CCIE Pursuit Blog

June 28, 2007

LFU2 – Know Your Acronyms

Filed under: Lab Fuck Ups,Switching,VTP — cciepursuit @ 10:01 pm

This one is from my first lab rental.  I was just getting my feet wet with lab rentals (especially use reverse telnet from the access router) and decided to do a couple of old CCNP labs.  I decided to warm up with some simple VTP labs. 

For whatever reason I simply could not get the two switches to exchange VTP information.  I’ll spare you the ugly details, but an hour and a half into my “easy” lab I had exhausted my repertoire of VTP troubleshooting (“sh vtp status”, “sh vtp counters”, “debug debug sw-vlan vtp events”, etc.) and I still could not get the damned switches to exchange VTP information.  The links were up and passing frames.  VTP was configured correctly (same VTP domain, no revision conflicts, etc.).  I could not figure out what I had done wrong.

Finally it dawned on me…what does VTP stand for?  VLAN Trunking Protocol.  Well, I had VLANS.  Did I have trunking?  After a quick “show int trunk” I discovered the reason that my switches weren’t passing VTP information.  My links were up, but they were not trunking.  The reason for this was another misunderstanding on my part.  I assumed (always dangerous) that DTP (Dynamic Trunking Protocol) had hooked me up with trunks between these two 3560s.  Wrong!!!  As I mentioned in an earlier post, the default DTP configuration on the 3560 is “switchport mode dynamic auto”.  A connection between two 3560s will NOT form a trunk by default.  The 3550’s default DTP setting is “switchport mode dynamic desirable” which means that it will from a trunk with another switch unless that other switch’s port is in “switchport mode access” or “switchport nonegotiate”.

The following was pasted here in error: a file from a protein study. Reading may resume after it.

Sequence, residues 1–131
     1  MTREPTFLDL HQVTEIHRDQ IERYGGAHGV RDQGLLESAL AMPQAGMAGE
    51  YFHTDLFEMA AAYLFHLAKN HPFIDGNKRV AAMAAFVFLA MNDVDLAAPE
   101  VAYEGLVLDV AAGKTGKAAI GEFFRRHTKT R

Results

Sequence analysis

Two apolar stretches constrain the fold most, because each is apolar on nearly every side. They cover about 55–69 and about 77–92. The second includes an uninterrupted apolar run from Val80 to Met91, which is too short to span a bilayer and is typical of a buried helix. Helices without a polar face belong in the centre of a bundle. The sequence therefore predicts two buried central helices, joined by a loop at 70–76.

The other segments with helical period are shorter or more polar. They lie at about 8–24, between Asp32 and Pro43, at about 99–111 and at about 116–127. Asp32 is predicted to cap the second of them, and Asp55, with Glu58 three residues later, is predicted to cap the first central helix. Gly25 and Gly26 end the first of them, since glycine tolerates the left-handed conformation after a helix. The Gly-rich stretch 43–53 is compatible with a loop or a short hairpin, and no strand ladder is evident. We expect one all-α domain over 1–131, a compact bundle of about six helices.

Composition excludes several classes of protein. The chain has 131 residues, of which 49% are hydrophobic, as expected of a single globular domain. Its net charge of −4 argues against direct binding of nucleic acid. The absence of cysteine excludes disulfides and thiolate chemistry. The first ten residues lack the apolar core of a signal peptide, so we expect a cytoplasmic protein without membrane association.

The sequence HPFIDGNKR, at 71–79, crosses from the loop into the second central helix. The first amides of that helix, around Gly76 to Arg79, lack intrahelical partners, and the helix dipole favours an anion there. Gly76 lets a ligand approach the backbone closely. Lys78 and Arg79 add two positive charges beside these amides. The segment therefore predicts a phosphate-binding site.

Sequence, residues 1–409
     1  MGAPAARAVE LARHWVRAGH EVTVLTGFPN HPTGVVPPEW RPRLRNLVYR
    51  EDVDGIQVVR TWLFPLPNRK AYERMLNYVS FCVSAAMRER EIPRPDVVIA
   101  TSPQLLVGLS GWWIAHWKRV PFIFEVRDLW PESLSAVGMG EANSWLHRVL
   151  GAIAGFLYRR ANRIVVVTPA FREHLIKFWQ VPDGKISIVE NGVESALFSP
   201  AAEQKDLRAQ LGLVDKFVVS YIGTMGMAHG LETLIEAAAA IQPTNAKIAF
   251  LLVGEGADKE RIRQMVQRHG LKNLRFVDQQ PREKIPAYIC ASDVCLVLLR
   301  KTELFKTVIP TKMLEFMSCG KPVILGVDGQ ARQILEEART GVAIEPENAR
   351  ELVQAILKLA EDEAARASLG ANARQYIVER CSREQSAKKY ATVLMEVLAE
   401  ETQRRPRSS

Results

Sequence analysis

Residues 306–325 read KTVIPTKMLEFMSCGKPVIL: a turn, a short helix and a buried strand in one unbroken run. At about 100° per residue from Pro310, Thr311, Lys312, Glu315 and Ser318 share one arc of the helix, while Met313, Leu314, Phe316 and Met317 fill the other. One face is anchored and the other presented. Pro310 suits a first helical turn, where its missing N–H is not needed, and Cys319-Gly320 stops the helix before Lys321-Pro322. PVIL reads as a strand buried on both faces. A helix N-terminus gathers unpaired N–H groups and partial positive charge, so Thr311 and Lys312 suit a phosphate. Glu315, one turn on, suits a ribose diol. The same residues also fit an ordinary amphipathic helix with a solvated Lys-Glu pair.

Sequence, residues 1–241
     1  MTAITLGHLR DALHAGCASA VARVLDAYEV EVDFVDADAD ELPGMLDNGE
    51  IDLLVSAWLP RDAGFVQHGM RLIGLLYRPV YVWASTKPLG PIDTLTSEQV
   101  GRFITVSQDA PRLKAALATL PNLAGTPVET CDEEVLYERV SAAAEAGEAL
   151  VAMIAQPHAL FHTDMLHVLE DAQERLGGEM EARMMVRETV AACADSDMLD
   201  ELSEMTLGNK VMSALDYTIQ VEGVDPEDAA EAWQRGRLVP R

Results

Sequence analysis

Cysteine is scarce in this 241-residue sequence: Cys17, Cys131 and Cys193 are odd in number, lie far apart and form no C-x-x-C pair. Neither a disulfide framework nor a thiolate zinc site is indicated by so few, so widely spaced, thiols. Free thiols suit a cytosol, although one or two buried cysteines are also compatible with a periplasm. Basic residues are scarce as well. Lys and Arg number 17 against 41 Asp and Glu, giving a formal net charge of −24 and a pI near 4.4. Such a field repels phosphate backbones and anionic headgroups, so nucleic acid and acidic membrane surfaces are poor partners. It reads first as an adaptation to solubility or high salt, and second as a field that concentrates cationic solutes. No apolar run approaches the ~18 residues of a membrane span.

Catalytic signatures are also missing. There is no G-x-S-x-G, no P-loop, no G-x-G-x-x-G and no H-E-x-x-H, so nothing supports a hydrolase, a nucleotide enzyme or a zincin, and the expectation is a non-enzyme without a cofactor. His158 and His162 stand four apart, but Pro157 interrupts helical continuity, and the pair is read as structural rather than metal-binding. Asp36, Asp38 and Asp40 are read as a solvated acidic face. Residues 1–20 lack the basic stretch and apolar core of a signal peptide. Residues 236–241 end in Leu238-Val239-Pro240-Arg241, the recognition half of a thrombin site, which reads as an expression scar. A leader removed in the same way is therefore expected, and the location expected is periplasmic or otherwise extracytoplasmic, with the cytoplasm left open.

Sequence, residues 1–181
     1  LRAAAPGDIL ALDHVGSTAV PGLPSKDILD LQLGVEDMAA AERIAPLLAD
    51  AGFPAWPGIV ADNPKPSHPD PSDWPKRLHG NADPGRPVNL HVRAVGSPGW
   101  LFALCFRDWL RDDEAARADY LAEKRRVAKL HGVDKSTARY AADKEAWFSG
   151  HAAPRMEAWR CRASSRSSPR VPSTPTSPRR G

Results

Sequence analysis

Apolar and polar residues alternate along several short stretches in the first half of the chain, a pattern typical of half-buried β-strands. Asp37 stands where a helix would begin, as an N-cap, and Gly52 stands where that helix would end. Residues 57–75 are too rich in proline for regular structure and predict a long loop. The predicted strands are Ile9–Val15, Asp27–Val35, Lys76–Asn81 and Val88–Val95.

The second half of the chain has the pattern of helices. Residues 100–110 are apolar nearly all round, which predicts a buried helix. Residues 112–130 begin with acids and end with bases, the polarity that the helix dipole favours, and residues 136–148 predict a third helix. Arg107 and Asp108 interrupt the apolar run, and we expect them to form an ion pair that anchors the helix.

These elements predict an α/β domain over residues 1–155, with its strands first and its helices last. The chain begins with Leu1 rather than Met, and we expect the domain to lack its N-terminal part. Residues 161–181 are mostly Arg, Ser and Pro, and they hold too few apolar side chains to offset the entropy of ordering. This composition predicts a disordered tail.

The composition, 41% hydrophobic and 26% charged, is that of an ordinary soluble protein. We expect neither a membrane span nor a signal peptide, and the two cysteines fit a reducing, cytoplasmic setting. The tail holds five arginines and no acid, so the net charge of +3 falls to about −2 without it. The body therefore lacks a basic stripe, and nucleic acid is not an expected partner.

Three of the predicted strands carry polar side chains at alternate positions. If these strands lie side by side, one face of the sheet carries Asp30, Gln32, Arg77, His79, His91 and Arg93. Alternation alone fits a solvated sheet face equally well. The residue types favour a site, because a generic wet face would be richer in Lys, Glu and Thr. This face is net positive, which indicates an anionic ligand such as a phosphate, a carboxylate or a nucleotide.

Even with my confusion over whether DTP would create the trunks for me automatically, I should have verified that trunking was working very early on in my troubleshooting rather than 1.5 hours later. 😦

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